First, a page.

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Re: Server Racks & installing a rack mount chassis

Postposted on Sat Nov 24, 2012 3:14 am

I would try to boot your NAS off of an SSD or USB drive. The OS isn't going to have a whole lot of writes to the SSD or USB, and some NAS distros will be optimized for booting off a USB drive. This will also keep you from having some odd partition scheme where the array is partitioned into storage and OS parts. 32-64GB SSDs are pretty cheap now, and 8-16GB flash drives are cheap too. You're not going to need a lot of space for Linux, so you don't have to spend a whole lot.

I happen to like Areca cards simply because some of them have network ports built in, and it's much nicer logging into the card for admin functions then keeping a software package running.

The next thing to consider is what are you going to be using for filesharing and the workload. Samba isn't multi-threaded, so it will respond better to a faster CPU. NFS is multi-threaded, so more cores is better with NFS. Windows Ultimate does have the ability to mount NFS drives like SMB/CIFS drives, but you have to install it. 5 people hitting this probably aren't going to stress it, but 5 VMs might.

You should add a battery backup unit for the RAID card. Some cards won't hit their max performance without it. I know 3ware won't, and I haven't tried it with an Areca card.

I would jump up to 16GB of RAM and an i5. Linux will use the extra RAM to cache files which will speed up the performance of the NAS, and real cores are better then fake cores. Of course, you have to go back to your workload, and 4GBs and a Pentium maybe fine if you're the only one hitting while using Samba or NFS.

AMD procs are also worth a look. NAS servers don't need to be super powerful, but they can benefit from more cores.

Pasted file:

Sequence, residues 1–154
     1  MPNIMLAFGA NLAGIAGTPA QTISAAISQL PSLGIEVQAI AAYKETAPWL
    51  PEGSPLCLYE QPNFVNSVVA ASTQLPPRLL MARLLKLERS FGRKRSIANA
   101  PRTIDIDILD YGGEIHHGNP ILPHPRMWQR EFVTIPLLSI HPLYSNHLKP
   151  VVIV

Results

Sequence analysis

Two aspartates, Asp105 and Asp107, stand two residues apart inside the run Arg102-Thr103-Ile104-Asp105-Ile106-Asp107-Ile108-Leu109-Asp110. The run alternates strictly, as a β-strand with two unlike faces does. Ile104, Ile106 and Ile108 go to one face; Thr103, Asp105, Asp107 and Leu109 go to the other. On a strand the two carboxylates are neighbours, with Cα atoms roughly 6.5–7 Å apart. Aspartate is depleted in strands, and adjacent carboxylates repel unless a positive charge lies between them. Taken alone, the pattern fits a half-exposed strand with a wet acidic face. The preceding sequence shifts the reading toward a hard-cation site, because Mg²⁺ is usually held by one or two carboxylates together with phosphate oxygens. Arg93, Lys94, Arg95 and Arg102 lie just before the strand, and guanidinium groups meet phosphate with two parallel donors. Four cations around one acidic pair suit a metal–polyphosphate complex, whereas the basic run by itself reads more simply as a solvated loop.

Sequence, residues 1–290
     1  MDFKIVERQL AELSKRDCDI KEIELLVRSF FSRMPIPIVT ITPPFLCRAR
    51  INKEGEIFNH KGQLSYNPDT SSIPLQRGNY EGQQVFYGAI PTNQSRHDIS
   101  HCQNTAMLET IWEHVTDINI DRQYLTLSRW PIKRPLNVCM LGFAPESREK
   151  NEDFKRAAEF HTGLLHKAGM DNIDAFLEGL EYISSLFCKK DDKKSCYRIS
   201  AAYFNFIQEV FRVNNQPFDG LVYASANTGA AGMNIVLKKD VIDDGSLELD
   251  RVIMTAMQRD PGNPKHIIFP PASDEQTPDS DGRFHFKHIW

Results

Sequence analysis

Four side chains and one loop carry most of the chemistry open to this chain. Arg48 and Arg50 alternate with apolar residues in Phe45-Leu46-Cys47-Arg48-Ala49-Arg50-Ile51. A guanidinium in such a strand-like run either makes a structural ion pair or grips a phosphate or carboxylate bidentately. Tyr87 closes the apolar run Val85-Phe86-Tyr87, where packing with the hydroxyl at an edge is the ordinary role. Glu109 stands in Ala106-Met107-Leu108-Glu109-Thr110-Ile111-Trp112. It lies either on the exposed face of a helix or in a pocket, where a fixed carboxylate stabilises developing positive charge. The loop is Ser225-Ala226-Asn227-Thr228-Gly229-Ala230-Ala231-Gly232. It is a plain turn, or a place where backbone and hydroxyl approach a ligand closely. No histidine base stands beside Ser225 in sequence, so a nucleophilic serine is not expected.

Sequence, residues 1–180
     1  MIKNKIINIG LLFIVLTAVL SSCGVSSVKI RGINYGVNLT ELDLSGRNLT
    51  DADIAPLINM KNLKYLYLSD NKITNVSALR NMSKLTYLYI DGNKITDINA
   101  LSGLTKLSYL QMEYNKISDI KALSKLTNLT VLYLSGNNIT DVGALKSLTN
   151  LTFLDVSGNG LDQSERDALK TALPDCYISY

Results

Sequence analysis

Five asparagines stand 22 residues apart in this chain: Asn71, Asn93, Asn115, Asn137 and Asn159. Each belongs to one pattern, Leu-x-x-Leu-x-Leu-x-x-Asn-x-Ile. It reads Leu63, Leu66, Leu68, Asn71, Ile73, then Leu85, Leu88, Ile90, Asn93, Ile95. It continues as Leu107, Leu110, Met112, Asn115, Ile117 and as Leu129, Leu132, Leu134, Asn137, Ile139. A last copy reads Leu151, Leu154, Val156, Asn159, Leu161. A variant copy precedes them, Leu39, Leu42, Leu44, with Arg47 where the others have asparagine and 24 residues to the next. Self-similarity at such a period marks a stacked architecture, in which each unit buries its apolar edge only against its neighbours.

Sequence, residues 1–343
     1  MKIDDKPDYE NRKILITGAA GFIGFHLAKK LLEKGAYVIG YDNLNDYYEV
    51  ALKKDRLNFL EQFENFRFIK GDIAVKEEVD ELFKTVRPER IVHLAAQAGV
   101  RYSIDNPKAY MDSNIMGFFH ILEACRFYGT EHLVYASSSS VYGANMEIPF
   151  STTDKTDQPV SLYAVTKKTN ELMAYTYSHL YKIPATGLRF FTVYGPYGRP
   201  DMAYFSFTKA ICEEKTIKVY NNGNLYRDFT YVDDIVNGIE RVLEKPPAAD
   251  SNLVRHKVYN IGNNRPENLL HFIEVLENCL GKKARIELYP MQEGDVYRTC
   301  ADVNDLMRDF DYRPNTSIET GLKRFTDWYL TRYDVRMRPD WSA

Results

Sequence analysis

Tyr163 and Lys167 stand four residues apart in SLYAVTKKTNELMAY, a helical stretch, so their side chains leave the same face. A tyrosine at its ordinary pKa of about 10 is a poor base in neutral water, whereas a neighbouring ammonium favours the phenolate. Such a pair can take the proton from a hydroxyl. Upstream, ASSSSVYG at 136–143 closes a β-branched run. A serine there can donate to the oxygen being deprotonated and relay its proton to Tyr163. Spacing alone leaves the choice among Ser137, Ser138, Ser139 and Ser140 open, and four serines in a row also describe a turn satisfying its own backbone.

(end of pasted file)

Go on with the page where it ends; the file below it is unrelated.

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Re: Server Racks & installing a rack mount chassis

Postposted on Sat Nov 24, 2012 9:13 am

TechNut wrote:I'm not against ECC RAM. I think it has its place. For home and semi-pro uses though, I think the price gap is crazy. 16GB, last time I checked was over 200$ for decent DDR3 ECC, whereas you can get the same speed, non-ECC for 45$ (Newegg Black Friday).

16 GB of ECC RAM for $100: http://www.newegg.com/Product/Product.a ... 6820239140

Yes, that's more than double your non-ECC price, but in absolute terms it isn't bad since RAM is so cheap these days.

TechNut wrote:For small amounts it might be ok, but, it makes a purchase that much more expensive for not much gain at home. The performance is 2% less with ECC, and the risk of data corruption is so low, its not a worry for most home applications. Remember, normal memory has CRC checking built in, and can correct single bit flips. ECC is designed to fix 2 bit flips.

No, that's not correct. Normal memory has no CRC checking; a flipped bit is a flipped bit.